Blood Glucose Monitoring


         Children with diabetes have the right to care for their diabetes at school in accordance with the Individuals with Disabilities Education Act (IDEA) and Section 504 of the Rehabilitation Act of 1973 which provide protection against discrimination for children with disabilities, including diabetes.


         Accordingly, blood glucose monitoring must be allowed in the school setting at any time, within any place, and by anyone necessitating such testing. Children must receive assistance if needed with the procedure.


         The school nurse shall oversee any arrangements that need to be made for testing and a system to report the results to the nurse as needed. Proper arrangements should be made for the disposal of sharps.


Alcohol-Based Hand Sanitizers


         Alcohol-based hand sanitizers are considered over-the-counter (OTC) drugs by the United States Food and Drug Administration. However, due to the fact that careful hand-washing and sanitation is the most effective way to control the recent spread of Methicillin-Resistant Staphylococcus Aureus (MRSA) in schools, the New York State Education Department (NYSED) has allowed a medical exemption to the requirements for OTC preparations in the school setting to permit the use of alcohol-based hand sanitizers.


         The School Medical Director may approve and permit the use of alcohol-based hand sanitizers in the District's schools without a physician's order. Parents may provide written notification to the school in the event that they do not wish to have their child use this product.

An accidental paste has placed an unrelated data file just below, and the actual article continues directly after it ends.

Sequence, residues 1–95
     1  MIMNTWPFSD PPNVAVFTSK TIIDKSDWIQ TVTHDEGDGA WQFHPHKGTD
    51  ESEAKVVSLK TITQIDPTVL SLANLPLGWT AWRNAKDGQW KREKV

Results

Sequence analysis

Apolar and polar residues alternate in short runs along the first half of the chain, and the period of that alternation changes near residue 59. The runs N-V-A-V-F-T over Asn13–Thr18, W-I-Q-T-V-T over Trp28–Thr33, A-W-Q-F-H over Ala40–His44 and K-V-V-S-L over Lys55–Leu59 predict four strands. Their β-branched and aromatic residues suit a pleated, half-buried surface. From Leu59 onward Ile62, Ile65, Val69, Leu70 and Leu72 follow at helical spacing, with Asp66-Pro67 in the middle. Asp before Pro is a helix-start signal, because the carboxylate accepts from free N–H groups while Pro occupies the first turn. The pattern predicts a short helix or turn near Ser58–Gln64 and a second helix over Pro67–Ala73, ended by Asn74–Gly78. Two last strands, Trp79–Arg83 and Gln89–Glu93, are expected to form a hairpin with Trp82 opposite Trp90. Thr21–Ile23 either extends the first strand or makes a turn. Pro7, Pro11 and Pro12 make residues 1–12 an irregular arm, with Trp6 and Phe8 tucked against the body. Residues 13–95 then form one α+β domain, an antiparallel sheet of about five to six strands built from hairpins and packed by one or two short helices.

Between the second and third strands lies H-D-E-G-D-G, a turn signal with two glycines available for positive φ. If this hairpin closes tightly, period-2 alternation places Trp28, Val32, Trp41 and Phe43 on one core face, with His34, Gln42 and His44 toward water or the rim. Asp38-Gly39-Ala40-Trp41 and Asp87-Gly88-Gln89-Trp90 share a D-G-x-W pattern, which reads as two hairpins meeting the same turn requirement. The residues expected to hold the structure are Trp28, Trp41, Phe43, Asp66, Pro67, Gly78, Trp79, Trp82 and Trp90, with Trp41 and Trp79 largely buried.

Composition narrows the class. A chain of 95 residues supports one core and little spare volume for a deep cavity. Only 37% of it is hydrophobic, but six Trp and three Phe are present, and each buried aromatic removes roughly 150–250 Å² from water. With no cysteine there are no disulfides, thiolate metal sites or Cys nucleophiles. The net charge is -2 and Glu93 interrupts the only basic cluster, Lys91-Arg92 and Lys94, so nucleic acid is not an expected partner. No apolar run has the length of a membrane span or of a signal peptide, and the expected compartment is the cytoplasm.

It should be noted that hand sanitizers which contain alcohol are flammable and shall not be placed in hallways or near an open flame or source of sparks.


Disposal of Unused Medication


            Any unused medication (including, but not limited to expired prescription and nonprescription drugs) must be returned to the parent/guardian by the end of each school year. If the parent/guardian does not retrieve the  unused medication  by the end of the  school year, then  the School  Nurse or

designated School Health Office personnel must document that the medication was abandoned and dispose of the unused medication.

Policy References:
Individuals with Disabilities Education Improvement Act of 2004 [Public Law 108-446 Section 614(a)]
Individuals with Disabilities Education Act (IDEA), 20 United States Code (USC) Sections 1400 et seq.
Section 504 of the Rehabilitation Act of 1973, 29 United States Code (USC) Section 794 et seq.
Education Law Sections 902(b), 916, 6527(4)(a) and 6908(1)(a)(iv)
Public Health Law Section 3000-a

NOTE: Refer also to Policy #7521 -- Students with Life-Threatening Health Conditions